As a small business owner the responsibility for pricing your products and services falls squarely on your shoulders.
If you set prices too low you could send your company careening toward bankruptcy. But if you set your prices too high your customers might jump ship for the competition.
Finding an acceptable middle ground on pricing is both an art and a science. Even though entrepreneurs may think they have a "sixth sense" about pricing, most of them are actually applying sound business principles and pricing strategies.
Rule #1: Cost and profit are the main drivers of pricing.
In its simplest form, the price of a product should equal cost plus profit. Yet in the heat of the competitive marketplace, it's amazing how many small business owners forget this basic pricing formula and set prices that are either at or below cost. The result is a negative cashflow scenario that eventually sends the business spiraling into financial turmoil.
Rule #2: Pricing down means you will have to reduce costs, profit, or both.
Since product pricing is controlled by cost and profit, price reductions must be accompanied by cost and/or profit reductions. By keeping a close handle on your company's expenses, you can supercharge your company's ability to compete in the marketplace because your prices will reflect actual costs instead of your best guess of what it costs to produce your products.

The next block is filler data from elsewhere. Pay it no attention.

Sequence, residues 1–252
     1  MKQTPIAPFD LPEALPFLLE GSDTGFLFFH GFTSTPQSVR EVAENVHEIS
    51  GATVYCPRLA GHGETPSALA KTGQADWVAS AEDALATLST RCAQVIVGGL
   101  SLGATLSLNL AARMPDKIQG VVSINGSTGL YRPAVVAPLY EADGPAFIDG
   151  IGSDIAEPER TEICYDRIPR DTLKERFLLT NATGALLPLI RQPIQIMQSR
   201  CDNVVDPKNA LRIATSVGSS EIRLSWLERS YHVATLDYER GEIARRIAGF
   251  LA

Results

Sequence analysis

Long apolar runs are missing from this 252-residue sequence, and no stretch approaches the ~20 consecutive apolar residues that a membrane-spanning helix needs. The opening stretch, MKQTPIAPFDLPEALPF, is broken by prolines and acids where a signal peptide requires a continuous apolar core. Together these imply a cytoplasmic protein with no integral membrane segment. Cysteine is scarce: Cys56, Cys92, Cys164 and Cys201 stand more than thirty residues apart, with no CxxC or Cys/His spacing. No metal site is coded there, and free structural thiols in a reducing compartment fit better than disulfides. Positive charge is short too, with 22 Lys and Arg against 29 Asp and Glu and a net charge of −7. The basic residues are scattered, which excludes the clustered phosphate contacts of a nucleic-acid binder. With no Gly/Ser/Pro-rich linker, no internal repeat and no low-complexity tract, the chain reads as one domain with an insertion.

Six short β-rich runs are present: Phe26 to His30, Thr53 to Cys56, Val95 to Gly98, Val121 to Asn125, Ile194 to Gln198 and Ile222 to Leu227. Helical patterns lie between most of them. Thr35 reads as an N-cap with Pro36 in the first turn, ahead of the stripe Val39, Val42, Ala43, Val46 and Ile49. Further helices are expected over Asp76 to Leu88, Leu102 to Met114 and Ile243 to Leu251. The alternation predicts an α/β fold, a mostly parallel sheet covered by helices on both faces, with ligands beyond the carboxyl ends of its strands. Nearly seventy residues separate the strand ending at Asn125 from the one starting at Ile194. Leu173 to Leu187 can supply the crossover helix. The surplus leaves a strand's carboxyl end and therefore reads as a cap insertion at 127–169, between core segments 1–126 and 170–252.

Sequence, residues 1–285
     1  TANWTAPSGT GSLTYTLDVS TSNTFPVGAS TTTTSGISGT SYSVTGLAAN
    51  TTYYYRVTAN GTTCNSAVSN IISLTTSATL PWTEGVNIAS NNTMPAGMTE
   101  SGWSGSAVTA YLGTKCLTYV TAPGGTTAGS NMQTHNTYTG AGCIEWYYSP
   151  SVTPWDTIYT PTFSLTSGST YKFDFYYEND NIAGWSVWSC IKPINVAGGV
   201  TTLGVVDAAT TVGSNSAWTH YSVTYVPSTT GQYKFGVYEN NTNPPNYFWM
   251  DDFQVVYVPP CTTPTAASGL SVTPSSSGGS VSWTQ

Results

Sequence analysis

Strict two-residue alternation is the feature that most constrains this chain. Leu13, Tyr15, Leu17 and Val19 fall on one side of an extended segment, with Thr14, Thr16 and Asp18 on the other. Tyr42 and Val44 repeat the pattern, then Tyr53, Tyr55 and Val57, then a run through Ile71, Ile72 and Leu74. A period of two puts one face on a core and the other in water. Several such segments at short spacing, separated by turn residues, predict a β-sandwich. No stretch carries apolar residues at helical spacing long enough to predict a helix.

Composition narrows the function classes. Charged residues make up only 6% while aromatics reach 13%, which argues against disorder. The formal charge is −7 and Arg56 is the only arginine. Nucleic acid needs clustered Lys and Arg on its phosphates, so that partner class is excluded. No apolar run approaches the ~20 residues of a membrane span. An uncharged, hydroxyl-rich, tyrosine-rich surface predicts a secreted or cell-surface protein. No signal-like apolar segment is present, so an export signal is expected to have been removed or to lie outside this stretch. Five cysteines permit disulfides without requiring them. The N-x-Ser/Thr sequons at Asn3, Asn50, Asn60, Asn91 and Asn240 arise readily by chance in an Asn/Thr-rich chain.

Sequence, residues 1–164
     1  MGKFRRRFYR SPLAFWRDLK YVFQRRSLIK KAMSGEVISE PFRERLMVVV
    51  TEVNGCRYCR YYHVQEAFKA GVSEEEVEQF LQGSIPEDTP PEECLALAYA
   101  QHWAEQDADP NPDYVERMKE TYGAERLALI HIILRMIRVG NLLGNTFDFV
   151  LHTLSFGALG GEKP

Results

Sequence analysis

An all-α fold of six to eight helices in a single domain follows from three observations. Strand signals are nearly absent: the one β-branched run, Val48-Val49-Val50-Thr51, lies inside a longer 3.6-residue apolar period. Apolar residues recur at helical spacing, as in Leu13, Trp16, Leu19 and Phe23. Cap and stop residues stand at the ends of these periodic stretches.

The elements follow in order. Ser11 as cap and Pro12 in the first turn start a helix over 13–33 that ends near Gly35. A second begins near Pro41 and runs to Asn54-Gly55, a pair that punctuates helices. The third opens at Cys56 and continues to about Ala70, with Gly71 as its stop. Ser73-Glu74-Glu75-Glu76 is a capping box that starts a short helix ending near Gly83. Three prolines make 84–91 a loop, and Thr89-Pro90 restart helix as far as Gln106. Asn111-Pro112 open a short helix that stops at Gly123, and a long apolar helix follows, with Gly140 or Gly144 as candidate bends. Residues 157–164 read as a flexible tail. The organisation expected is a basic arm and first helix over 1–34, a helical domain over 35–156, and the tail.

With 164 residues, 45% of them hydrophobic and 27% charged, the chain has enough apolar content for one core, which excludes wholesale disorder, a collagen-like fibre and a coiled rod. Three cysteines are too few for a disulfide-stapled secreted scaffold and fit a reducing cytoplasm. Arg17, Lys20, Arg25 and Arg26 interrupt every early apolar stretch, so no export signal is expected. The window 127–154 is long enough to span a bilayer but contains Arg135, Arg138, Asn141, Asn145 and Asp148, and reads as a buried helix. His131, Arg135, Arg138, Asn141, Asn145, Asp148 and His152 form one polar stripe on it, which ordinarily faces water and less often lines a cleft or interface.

Rule #3: Price has a direct impact on demand.
Nothing has changed since the first day of Econ. 101 when your professor so eloquently described the inverse relationship between price and demand. If your costs are too high or if the competition is able to offer the same product or service at a lower cost, you can be priced right out of the market. If that happens, it's essential to find a way to either reduce costs or differentiate your product by increasing its value to consumers.
Rule #4: Sometimes the rules don't apply.
From time to time you might need to ignore the rules and engage in strategic pricing. For example, it may be necessary to temporarily reduce prices below cost in order to establish a foothold in a highly competitive market. Or you may find that pricing below cost on one product results in an even higher markup on another. If it makes sense to break a rule, do it – keeping in mind that you might need to reexamine your pricing strategy at a later date.